After disposing of SJRA’s arguments that the claim was barred by the statute of limitations and the laches doctrine, the court addressed SJRA’s contention that it is protected by state action immunity. The court held that SJRA was not shielded by immunity because its enabling statute does not authorize it to “displace or regulate competition in the wholesale raw water market.” The court also determined that Plaintiffs alleged sufficient factual allegations to satisfy their antitrust claim.

On August 21, 2020, SJRA filed a notice to appeal the district court’s order.

Motley v. Gulf Coast Authority, September 11, 2020; Memorandum Opinion, 2020 WL 5491201.

The City of Odessa has an easement for a wastewater pipeline through a property owned by Motley Capital, LLC (“Motley”). The City granted a license to the Gulf Coast Authority (“the GCA”) to operate, maintain, and repair the pipeline. In April 2018, the pipeline was shut down for twenty days due to damage to the section of the pipeline that was on Motley’s property. The GCA alleges that it suffered lost income while the pipeline was shut down and that it incurred costs to repair the damage to the pipeline.

The GCA sued Motley for negligence, for violation of the Texas Water Code, and for tortious interference with the license. The GCA also sought a declaration that it had the right to install steel bollards around the manholes on the easement. Motley filed a motion to dismiss the GCA’s claims pursuant to the Texas Citizens Participation Act. The trial court denied the motion.

Motley initially argued that the trial court erred when it denied the motion to dismiss because (1) the TCPA applies to the GCA’s claims, (2) the GCA did not establish by clear and specific evidence a prima facie case for each essential element of its claims, and (3) Appellants proved each essential element of any valid defenses by a preponderance of the evidence.

The Eastland Court of Appeals held that the GCA had standing to assert its claims, and therefore, the trial court had jurisdiction to rule on the motion to dismiss. The court of appeals affirmed the trial court’s order denying Motley’s motion to dismiss because (1) the TCPA does not apply to the GCA’s claims for negligence and for violation of the Texas Water Code; (2) even if the TCPA applies to the GCA’s claim for tortious interference and to its request for declaratory relief, the GCA established by clear and specific evidence a prima facie case for each essential element of those claims; and (3) Motley’s claimed defenses, even if preserved, either relate to the claims to which the TCPA does not apply, were not established by a preponderance of the evidence, or require a merits determination more appropriately made after a trial or in a summary judgment procedure.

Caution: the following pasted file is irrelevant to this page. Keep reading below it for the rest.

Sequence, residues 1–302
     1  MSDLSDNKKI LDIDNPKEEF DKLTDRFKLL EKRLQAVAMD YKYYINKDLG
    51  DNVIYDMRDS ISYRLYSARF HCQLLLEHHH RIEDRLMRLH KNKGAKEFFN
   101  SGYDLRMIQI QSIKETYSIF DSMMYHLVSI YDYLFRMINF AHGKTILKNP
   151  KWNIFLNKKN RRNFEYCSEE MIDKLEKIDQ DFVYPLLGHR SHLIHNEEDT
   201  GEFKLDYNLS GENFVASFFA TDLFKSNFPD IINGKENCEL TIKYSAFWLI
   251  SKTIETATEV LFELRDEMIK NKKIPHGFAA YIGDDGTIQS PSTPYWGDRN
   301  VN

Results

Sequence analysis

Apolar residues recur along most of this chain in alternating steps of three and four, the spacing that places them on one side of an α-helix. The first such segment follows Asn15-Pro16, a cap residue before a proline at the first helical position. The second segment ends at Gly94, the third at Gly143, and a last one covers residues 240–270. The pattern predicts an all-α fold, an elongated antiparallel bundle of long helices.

Air and Waste Cases

Environmental Groups Lack Standing to Sue EPA over COVID-19 Enforcement Guidance: Natural Resources Defense Council, et al. v. EPA, et al., No. 1:20-cv-03058-CM (S.D. N.Y., July 8, 2020) and New York, et al. v. EPA et al., No. 1:20-cv-03714 (S.D. N.Y., pet. filed May 13, 2020).

In the July 2020 edition of The Lone Star Current, we reported that 15 environmental groups (one Texas-based: Texas Environmental Justice Advocacy Services) and nine states (New York, California, Illinois, Maryland, Michigan, Minnesota, Oregon, Vermont, and Virginia) filed separate lawsuits against the EPA earlier this year, opposing the agency’s guidance on enforcement discretion due to COVID-19. The guidance allows regulated entities to seek enforcement discretion from the EPA for non-compliance issues caused by COVID-19, but the plaintiffs claim that the guidance promotes non-compliance.

The EPA responded to the lawsuits, arguing that the plaintiffs do not challenge the actual merits of the enforcement discretion policy, but have instead wrongly demanded that the agency undertake a multi-state rulemaking imposing an enforceable requirement that all regulated entities unable to comply with EPA’s monitoring or reporting requirements because of COVID-19 file a public justification for their reasons and other information.

Since EPA’s response, the Southern District Court of New York found that the 15 environmental groups lack standing to pursue their lawsuit because they failed to show a concrete injury fairly traceable to the EPA’s actions. While that lawsuit concerns a requested adaptation of the EPA’s policy, the litigation over the EPA’s authority to adopt the policy in the first place is still pending in the same court and is currently being briefed by the nine states’ Attorneys General. This litigation continues even after the EPA terminated its COVID-19 enforcement discretion guidance policy on August 31, 2020.

EPA Sued for Delaying Landfill Methane Emissions Guidelines: Environmental Defense Fund, et al. v. EPA, No. 19-1222 (D.C. Cir., pet. filed Oct. 23, 2019).

In the October 2019 edition of The Lone Star Current, we reported on the EPA’s decision to delay the deadline for the agency to promulgate a federal plan to administer the 2016 Emissions Guidelines (“EG”) rule until August 30, 2021. The EG rule is aimed at regulated air emissions from existing landfills. Currently, EPA has only approved state plans for CA, AZ, NM, DE, WV, and VA.